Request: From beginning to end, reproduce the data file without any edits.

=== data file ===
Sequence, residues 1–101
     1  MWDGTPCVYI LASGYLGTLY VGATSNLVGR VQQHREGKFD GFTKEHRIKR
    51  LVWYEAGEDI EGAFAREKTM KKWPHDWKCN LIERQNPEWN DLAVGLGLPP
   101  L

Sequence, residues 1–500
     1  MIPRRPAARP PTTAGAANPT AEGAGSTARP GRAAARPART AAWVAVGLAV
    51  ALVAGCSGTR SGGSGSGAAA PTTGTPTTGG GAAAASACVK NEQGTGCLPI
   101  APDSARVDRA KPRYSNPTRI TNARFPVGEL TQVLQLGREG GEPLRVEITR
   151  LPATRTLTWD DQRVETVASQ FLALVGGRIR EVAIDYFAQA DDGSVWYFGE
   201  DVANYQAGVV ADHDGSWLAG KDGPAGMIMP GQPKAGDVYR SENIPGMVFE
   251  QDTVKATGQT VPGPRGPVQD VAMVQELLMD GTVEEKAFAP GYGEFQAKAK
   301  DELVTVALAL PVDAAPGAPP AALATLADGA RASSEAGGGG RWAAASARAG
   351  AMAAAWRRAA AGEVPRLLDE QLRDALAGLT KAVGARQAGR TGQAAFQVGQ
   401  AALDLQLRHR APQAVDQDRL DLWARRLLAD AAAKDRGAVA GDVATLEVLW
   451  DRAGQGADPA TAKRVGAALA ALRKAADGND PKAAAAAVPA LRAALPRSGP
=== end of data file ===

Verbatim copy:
Sequence, residues 1–101
     1  MWDGTPCVYI LASGYLGTLY VGATSNLVGR VQQHREGKFD GFTKEHRIKR
    51  LVWYEAGEDI EGAFAREKTM KKWPHDWKCN LIERQNPEWN DLAVGLGLPP
   101  L

Sequence, residues 1–500
     1  MIPRRPAARP PTTAGAANPT AEGAGSTARP GRAAARPART AAWVAVGLAV
    51  ALVAGCSGTR SGGSGSGAAA PTTGTPTTGG GAAAASACVK NEQGTGCLPI
   101  APDSARVDRA KPRYSNPTRI TNARFPVGEL TQVLQLGREG GEPLRVEITR
   151  LPATRTLTWD DQRVETVASQ FLALVGGRIR EVAIDYFAQA DDGSVWYFGE
   201  DVANYQAGVV ADHDGSWLAG KDGPAGMIMP GQPKAGDVYR SENIPGMVFE
   251  QDTVKATGQT VPGPRGPVQD VAMVQELLMD GTVEEKAFAP GYGEFQAKAK
   301  DELVTVALAL PVDAAPGAPP AALATLADGA RASSEAGGGG RWAAASARAG
   351  AMAAAWRRAA AGEVPRLLDE QLRDALAGLT KAVGARQAGR TGQAAFQVGQ
   401  AALDLQLRHR APQAVDQDRL DLWARRLLAD AAAKDRGAVA GDVATLEVLW
   451  DRAGQGADPA TAKRVGAALA ALRKAADGND PKAAAAAVPA LRAALPRSGP